Fearsomely prolific Twitter user Ai Weiwei has written that “if Twitter censors, I’ll stop tweeting”, following news that the microblogging service is to selectively block posts to comply with local laws.
推若审查，我即停推。 RT @wenyunchao: @aiww 商人在商言商，道这东东，能像谷歌那样最好，不能也不能强求。
— 艾未未Ai Weiwei (@aiww) January 27, 2012
The new policy has been widely read as a concession to allow Twitter to enter China, in a similar vein to Google’s aborted censorship of search results on Google.cn. The speculation has been fuelled by co-founder Jack Dorsey’s recent visit to Shanghai, though that trip may have had more to do with Dorsey’s e-payment company, Square. Speaking to The Associated Press, Google’s chief legal officer played down the focus on China:
“I think what they (Twitter officials) are wrestling with is what all of us wrestle with — and everyone wants to focus on China, but it is actually a global issue — which is laws in these different countries vary,” Drummond said.
“Americans tend to think copyright is a real bad problem, so we have to regulate that on the Internet. In France and Germany, they care about Nazis’ issues and so forth,” he added. “In China, there are other issues that we call censorship. And so how you respect all the laws or follow all the laws to the extent you think they should be followed while still allowing people to get the content elsewhere …?”
“It’s a tough problem that a company faces once they branch out beyond one set of offices in California into that big bad world out there,” said Rebecca MacKinnon of Global Voices Online, an international network of bloggers and citizen journalists. “We’ll have to see how it plays out — how it is and isn’t used.”
It remains to be seen, for example, how high Twitter will set the bar for “what we believe to be a valid and applicable legal request” for blocking, and where the policy will apply: while the change is intended to allow expansion into countries with “different ideas about the contours of freedom of expression”, the company added that “some differ so much from our ideas that we will not be able to exist there.” Takedown requests are to be catalogued online at chillingeffects.org/twitter, alongside the current list of copyright infringement notices. See more on Twitter’s claimed commitment to transparency at Ars Technica.
Ai would be sorely missed by many Chinese Twitterers. A recent post on the Sinophone twittersphere by Yaxue Cao at Seeing Red in China described his presence there:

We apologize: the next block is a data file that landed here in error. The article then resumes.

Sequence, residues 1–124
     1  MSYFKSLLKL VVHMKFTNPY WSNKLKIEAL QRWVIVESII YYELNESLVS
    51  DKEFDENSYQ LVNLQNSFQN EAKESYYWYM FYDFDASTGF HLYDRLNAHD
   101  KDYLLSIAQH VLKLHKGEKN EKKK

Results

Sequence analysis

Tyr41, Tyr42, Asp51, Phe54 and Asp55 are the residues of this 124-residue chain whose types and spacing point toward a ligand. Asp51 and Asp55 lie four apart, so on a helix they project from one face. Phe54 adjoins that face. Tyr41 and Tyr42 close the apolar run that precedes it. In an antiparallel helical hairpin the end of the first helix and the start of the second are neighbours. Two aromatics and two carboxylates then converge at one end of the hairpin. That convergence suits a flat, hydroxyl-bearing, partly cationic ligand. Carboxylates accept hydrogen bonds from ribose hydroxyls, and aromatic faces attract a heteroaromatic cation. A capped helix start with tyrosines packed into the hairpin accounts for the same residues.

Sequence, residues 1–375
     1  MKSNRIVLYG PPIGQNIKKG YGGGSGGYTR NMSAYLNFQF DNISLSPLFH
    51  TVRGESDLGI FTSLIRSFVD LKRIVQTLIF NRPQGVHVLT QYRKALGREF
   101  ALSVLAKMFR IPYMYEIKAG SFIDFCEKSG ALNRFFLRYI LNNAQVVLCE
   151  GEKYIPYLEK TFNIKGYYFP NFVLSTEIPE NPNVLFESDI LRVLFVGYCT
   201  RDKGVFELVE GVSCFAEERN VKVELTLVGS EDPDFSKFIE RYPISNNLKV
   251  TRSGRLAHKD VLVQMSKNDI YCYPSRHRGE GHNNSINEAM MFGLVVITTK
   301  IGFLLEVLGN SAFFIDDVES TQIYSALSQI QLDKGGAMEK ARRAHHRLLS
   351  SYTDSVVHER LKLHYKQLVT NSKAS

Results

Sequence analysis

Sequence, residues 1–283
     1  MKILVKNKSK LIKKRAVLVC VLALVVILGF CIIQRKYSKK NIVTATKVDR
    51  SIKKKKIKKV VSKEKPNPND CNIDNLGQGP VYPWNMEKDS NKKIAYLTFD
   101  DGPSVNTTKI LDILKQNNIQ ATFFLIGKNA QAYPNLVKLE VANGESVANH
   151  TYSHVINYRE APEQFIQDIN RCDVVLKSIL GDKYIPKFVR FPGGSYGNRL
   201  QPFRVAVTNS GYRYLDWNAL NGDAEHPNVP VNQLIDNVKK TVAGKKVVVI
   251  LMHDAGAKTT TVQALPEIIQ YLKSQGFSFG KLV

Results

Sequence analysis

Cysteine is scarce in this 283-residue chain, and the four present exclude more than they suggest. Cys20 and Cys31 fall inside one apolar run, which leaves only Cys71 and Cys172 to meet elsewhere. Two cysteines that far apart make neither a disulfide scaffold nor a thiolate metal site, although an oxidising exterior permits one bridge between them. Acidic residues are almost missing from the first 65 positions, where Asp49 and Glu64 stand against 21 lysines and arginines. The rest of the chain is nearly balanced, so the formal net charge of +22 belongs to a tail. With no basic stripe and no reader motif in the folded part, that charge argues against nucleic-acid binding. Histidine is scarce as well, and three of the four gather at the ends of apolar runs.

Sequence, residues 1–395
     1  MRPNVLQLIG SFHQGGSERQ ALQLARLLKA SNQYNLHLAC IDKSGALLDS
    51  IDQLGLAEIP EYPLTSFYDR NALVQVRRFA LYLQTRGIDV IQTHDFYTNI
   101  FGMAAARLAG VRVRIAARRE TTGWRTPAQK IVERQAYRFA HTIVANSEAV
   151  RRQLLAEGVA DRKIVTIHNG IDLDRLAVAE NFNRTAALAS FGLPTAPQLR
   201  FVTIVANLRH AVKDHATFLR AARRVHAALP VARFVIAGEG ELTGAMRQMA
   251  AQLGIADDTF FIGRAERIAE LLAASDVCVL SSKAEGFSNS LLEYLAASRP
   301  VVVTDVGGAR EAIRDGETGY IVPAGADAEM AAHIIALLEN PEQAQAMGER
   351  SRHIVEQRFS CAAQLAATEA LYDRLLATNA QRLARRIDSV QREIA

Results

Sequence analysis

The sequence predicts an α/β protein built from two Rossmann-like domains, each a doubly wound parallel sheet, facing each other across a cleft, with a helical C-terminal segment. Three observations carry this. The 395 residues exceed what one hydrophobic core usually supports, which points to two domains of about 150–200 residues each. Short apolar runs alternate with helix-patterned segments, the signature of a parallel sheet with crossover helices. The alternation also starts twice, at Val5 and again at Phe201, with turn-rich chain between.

You can’t write about Twitter Chinese without talking about Ai Weiwei. Needless to say, he was among the first people I followed. But within 24 hours I unfollowed him, because when I came back on Twitter the next day, OMG, all I saw was @aiww, nothing but @aiww, screen after screen. I figured that I will hear news about him and interesting things he said anyway from retweets ….
Soon enough, I re-followed him, this time feeling the need for a figure like him: he brings to Twitter Chinese warmth, a sense of confidence (although not certainty), street smartness, and he makes you feel a tad stronger, even though he is under surveillance of 9 cameras and multiple police cars permanently parked outside his gate.
See more on Cao’s post via CDT.
In a recent interview with The New Yorker’s Evan Osnos, Ai suggested that the government saw Twitter as a threat akin to Christianity as a potential source of independent community. The comparison arose with reference to the recent departure of writer Yu Jie.
“Internally, since they don’t have a way to discuss issues or communicate, it’s really a deadlock for them, and that keeps creating pressure. They had beaten him—Yu Jie—terribly, because he is related to Christianity, and that is what they hate the most or are scared of the most. They are scared of any form of unity. They wouldn’t be scared of me if I don’t get on Twitter, because on Twitter I can form a community. But, as individuals, they don’t care about you. So they crash down on people quite terribly, and subject people to abuse. I don’t think Yu Jie could stay any longer. In that kind of situation, you just have to say, ‘This is not possible,’” Ai said.
Ai and Osnos also discuss the artist’s iconic and widely coveted Sunflower Seeds, now on display in New York, and the “legal burlesque” of the tax evasion charges which followed his detention last year:
Before I left his house, I asked him he thinks he’ll win his tax case. “No,” he said flatly. “We’re only winning by revealing the truth. We can win in a sense of so many people beginning to understand. They will understand that you cannot win a case, but at least you can say, ‘I have to fight because it’s related to at least thirty thousand supporters.’”
Update: At the Electronic Frontier Foundation, Eva Galperin asks “what does Twitter’s country-by-country takedown system mean for freedom of expression?”
… Right now, we can expect Twitter to comply with court orders from countries where they have offices and employees, a list that includes the United Kingdom, Ireland, Japan, and soon Germany.
… For now, the overall effect is less censorship rather than more censorship, since they used to take things down for all users. But people have voiced concerns that “if you build it, they will come,”–if you build a tool for state-by-state censorship, states will start to use it. We should remain vigilant against this outcome ….
So what should Twitter users do? Keep Twitter honest. First, pay attention to the notices that Twitter sends and to the archive being created on Chilling Effects. If Twitter starts honoring court orders from India to take down tweets that are offensive to the Hindu gods, or tweets that criticize the king in Thailand, we want to know immediately. Furthermore, transparency projects such as Chilling Effects allow activists to track censorship all over the world, which is the first step to putting pressure on countries to stand up for freedom of expression and put a stop to government censorship.